Anyone who has been to New Zealand’s invaluable Queenstown would agree that this special part of the world deserves much more than just a few days of exploration. It’s not enough to call it a beautiful part of a country that’s famous for its beautiful parts; such a description would barely nick the surface of such an intensely dramatic landscape, framed by swirling mist, the epic Remarkables mountain range and Lake Wakatipu’s crystal clear blue waters. Year-round Queenstown has become one of New Zealand tourism’s biggest earners – particularly during ski season – and as soon as one steps off the plane to this spectacular alpine terrain it’s not hard to see why.
Hell, even Queenstown’s fresh, rich mountain air is being bottled and sold overseas because the place is just so darn idyllic. It’s understandable that visitors would never want to leave, but alas New Zealand is a country full of this kind of spectacle; the kind that vividly sticks for a lifetime, and constantly makes me wonder why, with Australia so close, I don’t make the short trip more often.
If you’re only in Queenstown for a few days on a much bigger New Zealand trip, you’re going to need to pull yourself away from the epic views of Peninsula Hill or the stunning walk along the town’s lakeside (it’s hard, I know) and actually start making the most of your time in what will no doubt be one of the most memorable stops on your journey.
In no way is this a definitive guide to Queenstown, just a handful of suggestions based on a recent trip to what has become widely known as the adventure capital of the world. I’ve left out the obvious day trip to Milford Sound, simply because that should be an absolute certainty for anyon who has a bit of leeway on their itinerary, and focused more on things to do closer to town – particularly munching your way through Queenstown’s glorious food scene, which is fueled by access to some truly beautiful local produce.
Food & Drink
Amisfield Bistro & Cellar Door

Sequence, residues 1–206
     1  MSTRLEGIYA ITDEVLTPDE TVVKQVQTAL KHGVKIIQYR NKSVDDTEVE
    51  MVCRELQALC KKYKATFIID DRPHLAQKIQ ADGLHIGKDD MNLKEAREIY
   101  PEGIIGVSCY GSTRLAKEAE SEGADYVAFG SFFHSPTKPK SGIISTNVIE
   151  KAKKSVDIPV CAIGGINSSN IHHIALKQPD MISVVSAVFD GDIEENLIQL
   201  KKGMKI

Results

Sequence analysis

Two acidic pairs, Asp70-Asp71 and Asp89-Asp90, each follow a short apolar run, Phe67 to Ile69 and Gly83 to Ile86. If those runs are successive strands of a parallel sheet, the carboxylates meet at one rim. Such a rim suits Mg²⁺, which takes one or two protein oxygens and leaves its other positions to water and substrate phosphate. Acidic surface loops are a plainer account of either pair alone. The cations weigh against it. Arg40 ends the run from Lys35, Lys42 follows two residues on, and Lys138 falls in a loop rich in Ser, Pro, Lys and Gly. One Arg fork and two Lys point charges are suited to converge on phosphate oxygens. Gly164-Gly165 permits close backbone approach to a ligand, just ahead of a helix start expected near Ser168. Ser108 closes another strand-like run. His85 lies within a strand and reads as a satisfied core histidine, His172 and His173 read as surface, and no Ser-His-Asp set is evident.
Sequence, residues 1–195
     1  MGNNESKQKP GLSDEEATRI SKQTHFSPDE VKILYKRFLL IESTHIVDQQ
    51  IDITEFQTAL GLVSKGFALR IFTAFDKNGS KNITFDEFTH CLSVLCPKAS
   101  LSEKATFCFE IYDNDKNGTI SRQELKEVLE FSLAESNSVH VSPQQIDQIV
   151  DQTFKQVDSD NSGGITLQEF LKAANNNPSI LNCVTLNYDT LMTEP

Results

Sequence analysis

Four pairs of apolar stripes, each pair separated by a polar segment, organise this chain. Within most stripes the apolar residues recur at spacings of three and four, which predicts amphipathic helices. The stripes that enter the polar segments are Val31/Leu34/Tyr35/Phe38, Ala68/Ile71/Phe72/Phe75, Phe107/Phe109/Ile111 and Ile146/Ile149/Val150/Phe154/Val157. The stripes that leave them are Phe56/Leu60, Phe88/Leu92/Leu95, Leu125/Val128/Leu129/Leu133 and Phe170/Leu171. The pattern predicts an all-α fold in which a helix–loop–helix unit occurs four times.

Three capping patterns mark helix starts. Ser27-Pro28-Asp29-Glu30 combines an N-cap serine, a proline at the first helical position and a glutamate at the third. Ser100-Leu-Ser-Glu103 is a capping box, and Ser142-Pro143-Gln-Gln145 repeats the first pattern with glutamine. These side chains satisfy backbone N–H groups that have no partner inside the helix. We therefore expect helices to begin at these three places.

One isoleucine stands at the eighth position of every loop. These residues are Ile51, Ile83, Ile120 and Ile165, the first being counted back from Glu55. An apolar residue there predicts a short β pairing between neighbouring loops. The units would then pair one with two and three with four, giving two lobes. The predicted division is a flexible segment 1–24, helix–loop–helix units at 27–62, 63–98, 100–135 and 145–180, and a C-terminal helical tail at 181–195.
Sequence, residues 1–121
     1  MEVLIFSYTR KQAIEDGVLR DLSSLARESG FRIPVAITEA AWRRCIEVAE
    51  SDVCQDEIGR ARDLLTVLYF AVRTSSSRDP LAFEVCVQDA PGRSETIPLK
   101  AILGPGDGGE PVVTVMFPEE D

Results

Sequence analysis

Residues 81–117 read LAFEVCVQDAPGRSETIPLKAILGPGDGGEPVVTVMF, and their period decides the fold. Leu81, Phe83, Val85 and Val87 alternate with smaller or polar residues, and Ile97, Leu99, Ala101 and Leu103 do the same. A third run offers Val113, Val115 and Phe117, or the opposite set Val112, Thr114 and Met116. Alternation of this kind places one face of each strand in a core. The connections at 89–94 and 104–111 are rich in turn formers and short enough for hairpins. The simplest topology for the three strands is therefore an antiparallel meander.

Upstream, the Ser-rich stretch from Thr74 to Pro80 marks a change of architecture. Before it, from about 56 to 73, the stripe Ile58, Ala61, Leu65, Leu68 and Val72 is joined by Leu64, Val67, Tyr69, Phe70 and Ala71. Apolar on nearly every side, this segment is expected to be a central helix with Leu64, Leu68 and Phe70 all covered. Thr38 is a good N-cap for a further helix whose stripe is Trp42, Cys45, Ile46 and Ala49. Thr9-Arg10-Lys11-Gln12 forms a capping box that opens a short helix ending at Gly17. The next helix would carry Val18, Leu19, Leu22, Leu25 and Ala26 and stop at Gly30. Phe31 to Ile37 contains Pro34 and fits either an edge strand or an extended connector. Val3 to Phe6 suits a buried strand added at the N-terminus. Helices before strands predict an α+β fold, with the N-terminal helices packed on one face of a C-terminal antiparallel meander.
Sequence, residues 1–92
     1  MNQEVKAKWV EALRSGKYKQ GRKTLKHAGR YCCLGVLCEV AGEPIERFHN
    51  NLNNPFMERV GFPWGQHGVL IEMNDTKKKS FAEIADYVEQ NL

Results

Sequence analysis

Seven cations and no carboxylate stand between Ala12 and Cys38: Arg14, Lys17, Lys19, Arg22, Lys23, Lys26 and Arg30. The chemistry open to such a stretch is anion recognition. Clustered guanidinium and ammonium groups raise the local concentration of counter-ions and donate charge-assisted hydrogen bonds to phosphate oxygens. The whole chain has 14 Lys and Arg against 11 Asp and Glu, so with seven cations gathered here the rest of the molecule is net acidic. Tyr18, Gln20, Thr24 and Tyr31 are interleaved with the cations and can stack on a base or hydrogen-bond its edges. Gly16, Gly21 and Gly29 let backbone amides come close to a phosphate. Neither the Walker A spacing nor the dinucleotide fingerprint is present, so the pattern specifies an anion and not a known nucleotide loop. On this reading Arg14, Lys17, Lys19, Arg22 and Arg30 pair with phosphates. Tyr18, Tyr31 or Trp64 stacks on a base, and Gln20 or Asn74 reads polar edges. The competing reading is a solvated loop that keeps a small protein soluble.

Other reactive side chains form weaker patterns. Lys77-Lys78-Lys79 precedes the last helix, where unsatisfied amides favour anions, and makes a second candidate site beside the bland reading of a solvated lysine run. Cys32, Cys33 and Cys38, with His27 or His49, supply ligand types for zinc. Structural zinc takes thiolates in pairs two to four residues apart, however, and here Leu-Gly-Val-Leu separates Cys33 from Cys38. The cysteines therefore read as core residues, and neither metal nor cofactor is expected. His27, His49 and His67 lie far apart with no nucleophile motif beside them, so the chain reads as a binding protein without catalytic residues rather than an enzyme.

If cool climate Central Otago wines and rustic, by-the-fireplace feasts are your idea of a good time then one of the first things on your schedule should be this postcard-worthy winery on the outskirts of town. Snuggling up under dramatic mountaintops, this award-winning property is prefaced by its historic stone facade, a building which houses an ultra-modern and homely restaurant and winery.
Tasting sessions amongst rows and rows of wine bottles are to your right as soon as you enter, perfect before or after a dig into the “Trust the Chef” menu, an option which regularly changes and features fresh, flavour-rich food expertly paired with wines. Hearty roasts and fresh veggies seem to be a constant favourite, but with some of the world’s best produce right at your doorstep there’s plenty of delicious possibilities.
Not much can be said about Fergburger that hasn’t already been shouted from Queenstown’s magical mountaintops to jealous burger fiends the world over. To say the spot is an institution would be an understatement; it’s one of the most referenced food options in all of New Zealand, to the point where pre-NZ me once thought it was the country’s most popular fast food chain.
Sixteen years after first being founded in Queenstown, Fergburger is still attracting unbelievably long queues. Maybe it’s the lack of local burger rivalry, which is certainly nowhere near the level of say Sydney or Melbourne, but most likely it’s because these enormous gourmet burgers actually do live up to the hype; they’re bountiful, meaty and garden-fresh with an obvious dedication to each and every ingredient, right down to the onions. It’s beyond me how they manage to maintain this standard and still constantly roll out these burgers to hungry customers during such long hours (they are open 7 days from 8:30am to 5am; and yeah, being a night owl I can confirm that there’s demand even at 3am).
Fergburger have met with such success that they now operate two other adjoining shopfronts, Fergbakery and Mrs Ferg. The former pumps out freshly baked goods while the latter offers gelato. For me, it was way too cold in Queenstown to justify even looking at gelato, but wandering into Fergbakery proved a great success, having discovered that their $6 pork belly pie is just as good – if not better – than the burgers.
Josh Emett’s famed upscale restaurant is a destination for those who tend to spoil their palates while on vacation. It’s no fuss, honest food with a home-cooked sensibility; Emett’s influence has certainly fired up an inventive kitchen that is obviously held to a high standard. The focus is on fresh, local and seasonal ingredients, and when you have the entirety of Central Otaga nearby you can pretty much guarantee that the produce is going to be top of the line. The proteins are fantastic, the desserts are indulgent without being overly rich, and the cocktails are some of the best I’ve had in New Zealand.